Here is where the bulk of the work is done with this deck, as it brings in 14 creatures that drop for two mana. With nothing in the deck costing more than four mana, it makes having access to four the sweet spot for the deck. Who are these amazing creatures? Chief of the Edge, Chief of the Scale, Mardu Skullhunter, and Borderland Marauder, all very efficient creatures that provide extra advantages to the deck. As you likely guessed the deck was built around the two new Chief cards which provide anthem effects to all Warrior creatures. Chief of the Edge grants +1/0 while Chief of the Scale grants 0/+1. In my first build these two cards were both an automatic four of, but as I found myself needing to cut cards I found myself cutting Chief of the Scale down.
With an aggressive strategy I didn’t want to waste slots pumping up my defense, but I couldn’t cut him completely. While the Edge had obvious applications to the deck, the Scale provided some that were less than obvious, he really made the survivability of the deck increased, made it harder for opponents to exchange, and made an easy choice of a creature you could sideboard out if you had to. The Borderland Marauder is a proven commodity in aggressive decks; the base two toughness while being strong on the attack was a key reason it was included. Mardu Skullhunter proved to be an interesting addition from Khans of Tarkir and utilizing the raid ability to force a discard. I like card advantage a lot and the 2/1 body made him even better; he also makes an easy side out against control matchups that make it hard to utilize Raid.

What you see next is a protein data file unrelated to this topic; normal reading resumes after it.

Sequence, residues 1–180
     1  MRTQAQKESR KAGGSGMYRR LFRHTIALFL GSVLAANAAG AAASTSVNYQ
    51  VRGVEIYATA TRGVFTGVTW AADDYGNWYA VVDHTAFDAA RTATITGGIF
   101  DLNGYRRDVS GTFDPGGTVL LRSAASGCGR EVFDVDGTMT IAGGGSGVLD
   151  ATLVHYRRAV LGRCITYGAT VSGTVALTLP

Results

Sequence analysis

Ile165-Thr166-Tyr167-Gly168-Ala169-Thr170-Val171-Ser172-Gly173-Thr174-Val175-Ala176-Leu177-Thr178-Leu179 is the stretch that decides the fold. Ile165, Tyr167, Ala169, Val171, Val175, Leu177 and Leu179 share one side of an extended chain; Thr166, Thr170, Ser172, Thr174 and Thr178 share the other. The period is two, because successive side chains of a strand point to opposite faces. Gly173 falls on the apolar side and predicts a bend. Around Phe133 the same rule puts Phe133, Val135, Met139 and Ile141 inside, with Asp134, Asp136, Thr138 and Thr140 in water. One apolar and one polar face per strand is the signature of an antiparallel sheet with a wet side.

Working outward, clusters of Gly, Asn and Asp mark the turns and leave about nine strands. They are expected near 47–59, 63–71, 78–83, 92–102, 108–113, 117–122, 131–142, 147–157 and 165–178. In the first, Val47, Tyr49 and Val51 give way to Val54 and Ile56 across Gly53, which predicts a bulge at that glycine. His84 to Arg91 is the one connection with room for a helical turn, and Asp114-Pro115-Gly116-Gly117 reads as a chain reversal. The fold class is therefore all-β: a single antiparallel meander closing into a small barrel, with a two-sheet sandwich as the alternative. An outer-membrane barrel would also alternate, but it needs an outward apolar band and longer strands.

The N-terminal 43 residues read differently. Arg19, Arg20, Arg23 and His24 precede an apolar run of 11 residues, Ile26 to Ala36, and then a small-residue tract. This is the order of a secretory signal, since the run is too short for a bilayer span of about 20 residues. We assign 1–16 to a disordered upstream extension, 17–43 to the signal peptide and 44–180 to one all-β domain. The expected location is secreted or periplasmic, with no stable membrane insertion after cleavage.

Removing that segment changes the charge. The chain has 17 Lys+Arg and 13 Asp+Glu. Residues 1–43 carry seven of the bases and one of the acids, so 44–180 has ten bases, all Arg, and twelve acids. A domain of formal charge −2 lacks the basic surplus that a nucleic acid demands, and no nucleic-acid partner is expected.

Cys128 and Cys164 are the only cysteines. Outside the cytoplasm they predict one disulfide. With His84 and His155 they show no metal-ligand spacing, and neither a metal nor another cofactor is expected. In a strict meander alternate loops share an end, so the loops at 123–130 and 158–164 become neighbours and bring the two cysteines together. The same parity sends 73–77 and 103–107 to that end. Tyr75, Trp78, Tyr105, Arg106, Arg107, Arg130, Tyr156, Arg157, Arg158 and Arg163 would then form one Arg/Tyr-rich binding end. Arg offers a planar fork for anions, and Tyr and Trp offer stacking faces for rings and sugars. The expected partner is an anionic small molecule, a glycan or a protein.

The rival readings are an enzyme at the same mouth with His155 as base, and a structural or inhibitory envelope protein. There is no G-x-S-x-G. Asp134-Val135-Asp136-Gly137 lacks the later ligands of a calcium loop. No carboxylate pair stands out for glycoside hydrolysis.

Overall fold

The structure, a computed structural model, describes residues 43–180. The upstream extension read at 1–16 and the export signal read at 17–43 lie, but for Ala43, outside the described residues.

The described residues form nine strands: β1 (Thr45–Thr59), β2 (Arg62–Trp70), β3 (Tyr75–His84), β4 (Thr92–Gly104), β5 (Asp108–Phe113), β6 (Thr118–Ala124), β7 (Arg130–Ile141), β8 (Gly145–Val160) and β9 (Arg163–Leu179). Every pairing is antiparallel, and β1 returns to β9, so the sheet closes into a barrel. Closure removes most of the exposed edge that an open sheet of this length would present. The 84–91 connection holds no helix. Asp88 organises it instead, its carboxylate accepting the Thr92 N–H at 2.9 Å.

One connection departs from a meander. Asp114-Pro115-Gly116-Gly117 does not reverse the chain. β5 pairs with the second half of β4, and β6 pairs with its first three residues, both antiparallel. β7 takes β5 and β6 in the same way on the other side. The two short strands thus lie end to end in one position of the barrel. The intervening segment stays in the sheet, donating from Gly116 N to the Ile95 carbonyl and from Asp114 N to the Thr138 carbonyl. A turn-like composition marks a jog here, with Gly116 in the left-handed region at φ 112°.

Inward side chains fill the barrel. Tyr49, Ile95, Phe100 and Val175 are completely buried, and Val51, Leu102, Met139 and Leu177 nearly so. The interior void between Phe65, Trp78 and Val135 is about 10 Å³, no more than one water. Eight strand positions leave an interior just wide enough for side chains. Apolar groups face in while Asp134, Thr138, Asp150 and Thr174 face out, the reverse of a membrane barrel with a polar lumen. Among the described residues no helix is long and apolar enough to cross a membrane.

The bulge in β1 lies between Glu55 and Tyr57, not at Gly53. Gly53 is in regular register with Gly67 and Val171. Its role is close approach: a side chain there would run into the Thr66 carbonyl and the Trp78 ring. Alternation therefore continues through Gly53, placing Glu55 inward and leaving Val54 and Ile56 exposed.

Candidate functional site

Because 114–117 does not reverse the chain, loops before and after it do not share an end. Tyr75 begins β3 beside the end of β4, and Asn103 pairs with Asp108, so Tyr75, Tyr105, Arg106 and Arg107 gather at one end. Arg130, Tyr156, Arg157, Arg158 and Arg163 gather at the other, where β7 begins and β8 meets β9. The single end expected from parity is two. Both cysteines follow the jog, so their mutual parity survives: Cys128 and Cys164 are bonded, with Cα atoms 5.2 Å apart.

Notable Exclusions: I feel here I had three very notable cards I didn’t include in the deck and two of them garnered considerable amount of consideration. Oreskos Swiftclaw is the first being a Warrior with a 3/1 body. As a matter of fact until I reached this portion of the article Swiftclaw was a three of in the build and I chose to change that out, as I was running with no three drops in the curve and I wanted to find a slot for Mardu Hordechief. The card that received the MOST attention from me and I feel might end up being the biggest mistake in not having was Seeker of the Ways. A solid 2/2 body with Prowess that boosts him for one turn and gives him lifelink.